In response to those who wrote in asking for more (and in total defiance of those who didn't!) here's the next offering. If you've read 'Timmy and the Travellers' you'll already be acquainted with some, if not most, of the characters in this story; if you haven't, don't feel that you have to: I'll do my best to introduce the characters as they appear, hopefully in a way that won't have all my previous readers screaming, “But we already know all that!!!” - or, at least, not too often.
New readers need to know that this story is set in south-east England and starts in June 1976, which is why you'll find no mention of computers or mobile phones, and which is also why most of these characters have a very limited understanding of sex: there was very little sex education in schools back then. It would also be fair to warn you that Jeremy's step-father's views on race and immigration belong very much in the mid-seventies, and are categorically NOT the views of the author!
As with 'Timmy', these characters are all entirely fictional. On the other hand, the story is set in a real place, though once again I have changed the place names. Anyone from round there will probably work out where it is, though – feel free to write and ask me to confirm if you're right!
The usual warning applies: this story contains depictions of sexual activity between boys, so if that's not your thing, or if it's illegal where you are for you to be reading this, then it would be a really good idea to stop now.
“… so it was only supposed to be a straightforward chest X-ray, but they kept me hanging about for almost an hour. And then when I finally got into the room, I found out why it was taking so long: the person doing the X-rays was…”
“Let me guess,” interrupted Jeremy. “It has to be a woman, a foreigner or a non-white person. Which was it?”
“It was a bloody nigger!” declared his step-father, determined to finish his diatribe. “How he ever got the job, heaven only knows: they were only ever supposed to be let into the country to sweep the streets and things like that, not to be allowed to work in hospitals, treating decent white people. I’m going to write to the Department of Health about it.”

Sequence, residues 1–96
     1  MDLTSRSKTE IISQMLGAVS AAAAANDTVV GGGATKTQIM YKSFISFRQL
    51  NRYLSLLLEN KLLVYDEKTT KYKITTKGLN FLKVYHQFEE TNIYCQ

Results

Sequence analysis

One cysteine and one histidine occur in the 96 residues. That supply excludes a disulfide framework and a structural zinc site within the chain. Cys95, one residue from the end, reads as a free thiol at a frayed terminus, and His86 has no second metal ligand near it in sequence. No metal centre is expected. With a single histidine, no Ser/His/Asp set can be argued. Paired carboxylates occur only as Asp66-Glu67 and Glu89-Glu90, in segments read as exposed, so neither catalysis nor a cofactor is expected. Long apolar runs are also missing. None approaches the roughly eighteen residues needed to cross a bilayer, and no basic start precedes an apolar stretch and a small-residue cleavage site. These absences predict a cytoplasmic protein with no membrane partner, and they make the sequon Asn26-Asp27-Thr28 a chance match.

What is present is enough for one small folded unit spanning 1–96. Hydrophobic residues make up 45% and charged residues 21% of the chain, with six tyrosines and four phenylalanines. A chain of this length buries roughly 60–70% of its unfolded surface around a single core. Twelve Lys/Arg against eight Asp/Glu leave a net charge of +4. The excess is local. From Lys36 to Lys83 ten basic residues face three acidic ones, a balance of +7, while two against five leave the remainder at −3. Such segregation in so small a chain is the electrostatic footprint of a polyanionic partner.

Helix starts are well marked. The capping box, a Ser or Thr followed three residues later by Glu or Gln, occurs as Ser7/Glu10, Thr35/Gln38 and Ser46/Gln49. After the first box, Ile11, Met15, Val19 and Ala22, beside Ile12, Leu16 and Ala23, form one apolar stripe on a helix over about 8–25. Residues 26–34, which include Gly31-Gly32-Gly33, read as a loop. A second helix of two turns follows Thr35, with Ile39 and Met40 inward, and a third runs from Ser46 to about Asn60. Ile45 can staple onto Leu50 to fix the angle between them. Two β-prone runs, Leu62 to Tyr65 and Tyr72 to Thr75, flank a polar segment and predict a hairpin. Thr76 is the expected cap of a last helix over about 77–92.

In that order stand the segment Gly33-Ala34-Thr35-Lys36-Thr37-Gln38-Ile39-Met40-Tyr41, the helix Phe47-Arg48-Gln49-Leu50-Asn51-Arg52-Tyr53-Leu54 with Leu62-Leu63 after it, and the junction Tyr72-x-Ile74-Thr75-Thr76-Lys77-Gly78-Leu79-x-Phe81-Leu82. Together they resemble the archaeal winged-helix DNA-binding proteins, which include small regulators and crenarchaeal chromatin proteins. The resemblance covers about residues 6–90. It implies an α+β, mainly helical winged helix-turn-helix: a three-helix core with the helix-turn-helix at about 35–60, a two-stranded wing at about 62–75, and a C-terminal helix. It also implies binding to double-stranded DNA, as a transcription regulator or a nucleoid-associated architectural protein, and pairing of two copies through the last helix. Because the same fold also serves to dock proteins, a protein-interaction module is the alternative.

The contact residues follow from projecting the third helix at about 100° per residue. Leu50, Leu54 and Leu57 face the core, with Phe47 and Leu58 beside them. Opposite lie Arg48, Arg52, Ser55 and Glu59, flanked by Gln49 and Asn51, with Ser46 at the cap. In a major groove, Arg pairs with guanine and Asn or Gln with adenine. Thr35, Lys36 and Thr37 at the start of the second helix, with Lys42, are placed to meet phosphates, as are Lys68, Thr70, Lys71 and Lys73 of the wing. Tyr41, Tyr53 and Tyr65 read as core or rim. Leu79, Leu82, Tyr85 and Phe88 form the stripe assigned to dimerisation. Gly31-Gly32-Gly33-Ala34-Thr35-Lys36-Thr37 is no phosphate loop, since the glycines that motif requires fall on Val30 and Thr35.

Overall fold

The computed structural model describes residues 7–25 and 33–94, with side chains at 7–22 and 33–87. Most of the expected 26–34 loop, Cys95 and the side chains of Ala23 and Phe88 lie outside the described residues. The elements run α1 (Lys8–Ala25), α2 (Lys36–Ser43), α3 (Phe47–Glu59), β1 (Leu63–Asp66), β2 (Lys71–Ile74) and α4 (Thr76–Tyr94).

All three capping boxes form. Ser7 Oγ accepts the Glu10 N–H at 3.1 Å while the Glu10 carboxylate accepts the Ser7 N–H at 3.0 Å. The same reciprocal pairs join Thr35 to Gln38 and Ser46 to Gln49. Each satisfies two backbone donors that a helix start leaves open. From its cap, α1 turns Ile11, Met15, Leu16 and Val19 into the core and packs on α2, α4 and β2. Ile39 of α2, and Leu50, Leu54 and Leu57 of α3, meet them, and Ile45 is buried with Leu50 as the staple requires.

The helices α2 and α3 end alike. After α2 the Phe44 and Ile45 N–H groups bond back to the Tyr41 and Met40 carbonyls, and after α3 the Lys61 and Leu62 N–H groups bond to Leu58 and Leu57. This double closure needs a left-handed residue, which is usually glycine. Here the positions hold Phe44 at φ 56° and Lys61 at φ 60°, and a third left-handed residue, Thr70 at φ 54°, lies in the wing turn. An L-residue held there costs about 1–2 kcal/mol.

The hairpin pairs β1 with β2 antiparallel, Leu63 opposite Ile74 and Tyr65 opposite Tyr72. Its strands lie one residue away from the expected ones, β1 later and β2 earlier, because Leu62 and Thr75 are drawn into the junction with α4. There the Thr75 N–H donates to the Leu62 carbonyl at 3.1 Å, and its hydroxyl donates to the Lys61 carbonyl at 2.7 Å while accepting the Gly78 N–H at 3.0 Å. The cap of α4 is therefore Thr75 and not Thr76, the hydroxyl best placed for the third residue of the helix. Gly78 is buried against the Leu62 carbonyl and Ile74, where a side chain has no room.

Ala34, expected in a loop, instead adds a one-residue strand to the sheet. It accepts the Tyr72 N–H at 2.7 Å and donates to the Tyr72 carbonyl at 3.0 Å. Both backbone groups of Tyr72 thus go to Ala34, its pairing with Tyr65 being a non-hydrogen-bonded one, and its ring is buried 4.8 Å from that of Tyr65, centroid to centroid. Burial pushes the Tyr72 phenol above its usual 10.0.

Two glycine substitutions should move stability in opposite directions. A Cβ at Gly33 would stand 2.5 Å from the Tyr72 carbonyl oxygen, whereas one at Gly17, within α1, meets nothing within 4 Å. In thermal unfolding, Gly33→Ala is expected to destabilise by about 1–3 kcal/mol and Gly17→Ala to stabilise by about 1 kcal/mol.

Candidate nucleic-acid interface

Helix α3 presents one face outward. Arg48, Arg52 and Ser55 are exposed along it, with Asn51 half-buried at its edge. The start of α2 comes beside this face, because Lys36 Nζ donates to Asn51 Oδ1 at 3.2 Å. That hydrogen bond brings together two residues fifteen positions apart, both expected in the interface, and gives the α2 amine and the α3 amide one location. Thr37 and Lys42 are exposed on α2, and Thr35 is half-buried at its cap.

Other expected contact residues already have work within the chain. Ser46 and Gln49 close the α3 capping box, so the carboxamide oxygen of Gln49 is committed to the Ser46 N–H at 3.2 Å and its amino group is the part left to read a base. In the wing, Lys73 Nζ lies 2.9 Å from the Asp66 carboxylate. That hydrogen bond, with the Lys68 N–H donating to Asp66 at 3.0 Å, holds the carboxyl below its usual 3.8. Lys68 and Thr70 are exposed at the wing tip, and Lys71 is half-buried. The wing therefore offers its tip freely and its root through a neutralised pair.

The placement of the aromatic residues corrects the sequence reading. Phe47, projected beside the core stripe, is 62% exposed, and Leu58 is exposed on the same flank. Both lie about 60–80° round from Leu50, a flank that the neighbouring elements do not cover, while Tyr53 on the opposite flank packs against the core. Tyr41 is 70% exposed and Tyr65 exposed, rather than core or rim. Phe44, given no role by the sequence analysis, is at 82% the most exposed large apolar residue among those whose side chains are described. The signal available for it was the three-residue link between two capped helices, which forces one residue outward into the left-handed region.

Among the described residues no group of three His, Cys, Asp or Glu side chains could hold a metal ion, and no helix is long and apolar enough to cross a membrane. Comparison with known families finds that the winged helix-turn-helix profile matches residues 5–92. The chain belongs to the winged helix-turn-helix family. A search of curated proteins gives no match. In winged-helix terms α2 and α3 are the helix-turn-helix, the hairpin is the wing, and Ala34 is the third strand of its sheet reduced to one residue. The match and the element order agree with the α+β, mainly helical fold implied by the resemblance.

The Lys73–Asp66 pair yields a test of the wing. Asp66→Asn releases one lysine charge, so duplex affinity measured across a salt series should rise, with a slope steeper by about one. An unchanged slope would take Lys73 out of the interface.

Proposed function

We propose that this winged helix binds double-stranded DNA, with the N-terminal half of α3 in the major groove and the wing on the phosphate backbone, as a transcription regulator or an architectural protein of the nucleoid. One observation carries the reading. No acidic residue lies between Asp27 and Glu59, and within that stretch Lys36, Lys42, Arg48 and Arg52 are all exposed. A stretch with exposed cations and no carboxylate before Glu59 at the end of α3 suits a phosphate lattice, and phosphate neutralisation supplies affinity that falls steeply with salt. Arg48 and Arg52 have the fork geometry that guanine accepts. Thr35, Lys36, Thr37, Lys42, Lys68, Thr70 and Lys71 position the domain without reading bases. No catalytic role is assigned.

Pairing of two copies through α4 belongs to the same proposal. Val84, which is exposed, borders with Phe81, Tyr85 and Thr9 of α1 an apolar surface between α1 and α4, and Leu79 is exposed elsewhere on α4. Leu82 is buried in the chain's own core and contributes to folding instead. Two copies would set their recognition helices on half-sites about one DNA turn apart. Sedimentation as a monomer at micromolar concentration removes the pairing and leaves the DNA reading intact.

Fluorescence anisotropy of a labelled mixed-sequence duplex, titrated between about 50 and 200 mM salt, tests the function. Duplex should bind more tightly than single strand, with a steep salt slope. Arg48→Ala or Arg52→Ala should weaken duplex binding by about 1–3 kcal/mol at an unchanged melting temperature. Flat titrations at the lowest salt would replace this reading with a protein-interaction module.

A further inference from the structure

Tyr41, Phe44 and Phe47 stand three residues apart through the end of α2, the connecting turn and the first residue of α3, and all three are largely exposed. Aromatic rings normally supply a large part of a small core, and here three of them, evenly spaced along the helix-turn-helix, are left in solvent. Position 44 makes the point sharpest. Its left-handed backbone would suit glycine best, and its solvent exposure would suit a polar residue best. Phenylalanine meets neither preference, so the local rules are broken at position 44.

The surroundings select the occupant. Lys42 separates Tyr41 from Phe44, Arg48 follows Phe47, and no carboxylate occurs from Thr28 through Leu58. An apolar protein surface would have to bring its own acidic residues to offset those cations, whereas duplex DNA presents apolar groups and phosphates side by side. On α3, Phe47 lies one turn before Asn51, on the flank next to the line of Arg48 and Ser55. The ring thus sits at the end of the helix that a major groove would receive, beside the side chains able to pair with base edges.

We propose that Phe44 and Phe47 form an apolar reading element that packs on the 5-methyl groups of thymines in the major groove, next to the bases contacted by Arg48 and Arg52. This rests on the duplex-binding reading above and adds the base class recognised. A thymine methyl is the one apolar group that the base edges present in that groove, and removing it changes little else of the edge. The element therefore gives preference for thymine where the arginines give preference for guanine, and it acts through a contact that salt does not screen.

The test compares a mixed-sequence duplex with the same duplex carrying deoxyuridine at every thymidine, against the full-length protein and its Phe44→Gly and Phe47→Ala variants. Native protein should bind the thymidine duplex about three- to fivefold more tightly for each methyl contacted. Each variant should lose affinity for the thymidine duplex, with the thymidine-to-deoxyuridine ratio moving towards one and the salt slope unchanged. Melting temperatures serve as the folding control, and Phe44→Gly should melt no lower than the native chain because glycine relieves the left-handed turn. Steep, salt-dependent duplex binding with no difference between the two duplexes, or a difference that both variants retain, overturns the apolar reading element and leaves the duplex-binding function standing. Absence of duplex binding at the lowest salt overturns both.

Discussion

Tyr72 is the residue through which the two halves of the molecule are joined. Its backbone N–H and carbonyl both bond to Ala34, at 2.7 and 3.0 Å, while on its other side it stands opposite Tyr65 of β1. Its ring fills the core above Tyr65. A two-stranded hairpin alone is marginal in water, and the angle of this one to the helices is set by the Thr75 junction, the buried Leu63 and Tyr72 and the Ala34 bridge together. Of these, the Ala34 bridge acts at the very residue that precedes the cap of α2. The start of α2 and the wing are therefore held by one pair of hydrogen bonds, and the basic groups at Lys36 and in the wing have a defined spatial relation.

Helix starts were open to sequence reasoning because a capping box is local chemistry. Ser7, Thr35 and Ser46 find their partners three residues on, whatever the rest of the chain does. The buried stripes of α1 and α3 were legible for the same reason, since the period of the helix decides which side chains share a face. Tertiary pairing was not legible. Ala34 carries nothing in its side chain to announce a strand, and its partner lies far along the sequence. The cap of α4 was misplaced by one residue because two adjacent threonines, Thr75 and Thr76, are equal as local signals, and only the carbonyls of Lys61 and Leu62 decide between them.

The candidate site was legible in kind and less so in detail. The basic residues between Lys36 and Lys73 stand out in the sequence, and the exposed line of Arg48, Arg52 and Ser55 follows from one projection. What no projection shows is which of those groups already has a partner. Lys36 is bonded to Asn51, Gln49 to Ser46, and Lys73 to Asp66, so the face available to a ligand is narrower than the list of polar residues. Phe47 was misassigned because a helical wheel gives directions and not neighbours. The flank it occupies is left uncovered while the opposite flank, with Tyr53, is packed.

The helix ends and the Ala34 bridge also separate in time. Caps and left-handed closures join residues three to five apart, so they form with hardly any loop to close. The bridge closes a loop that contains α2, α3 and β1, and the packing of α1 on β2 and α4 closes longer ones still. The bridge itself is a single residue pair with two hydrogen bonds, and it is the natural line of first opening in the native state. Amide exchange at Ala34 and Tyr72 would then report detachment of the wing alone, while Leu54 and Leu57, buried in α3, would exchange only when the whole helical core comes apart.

“Good luck,” muttered Jeremy.
“I just wondered if the X-ray came out okay?”
“Well, yes. But that’s not the point.”
“Why not?” asked Jeremy, knowing he should shut up but somehow not being able to. “You got what you went there for. Isn’t that all that matters? I don’t see why you think non-white people can’t be doctors. Bilal’s dad is a doctor…”
“What, a witch-doctor? We don’t want all that bone-rattling rubbish here: we want decent white doctors who you can understand, not some black idiot gibbering away in mumbo-jumbo.”
“He’s a proper doctor. And I bet if you were sick and he was the only doctor around you’d go and see him.”
“Of course I wouldn’t! I’m not letting some wog put his hands all over me…”
“Well, you’re a bloody moron, then,” said Jeremy, before he could stop himself.
Two hours later he was lying on the mattress in the spare room and staring at the ceiling. His bum hurt: his step-father had used his belt before locking him in the spare room – and he was hungry, because he’d been stupid enough to lose control of his tongue when he had barely started eating. Needless to say, he hadn’t been given a chance to take another mouthful.
He was angry, as much with himself as with his moronic step-father: he knew by now what would happen if he annoyed the man, but he still couldn’t control his tongue, which always seemed to have a mind of its own whenever Adolf said anything even more stupid than usual.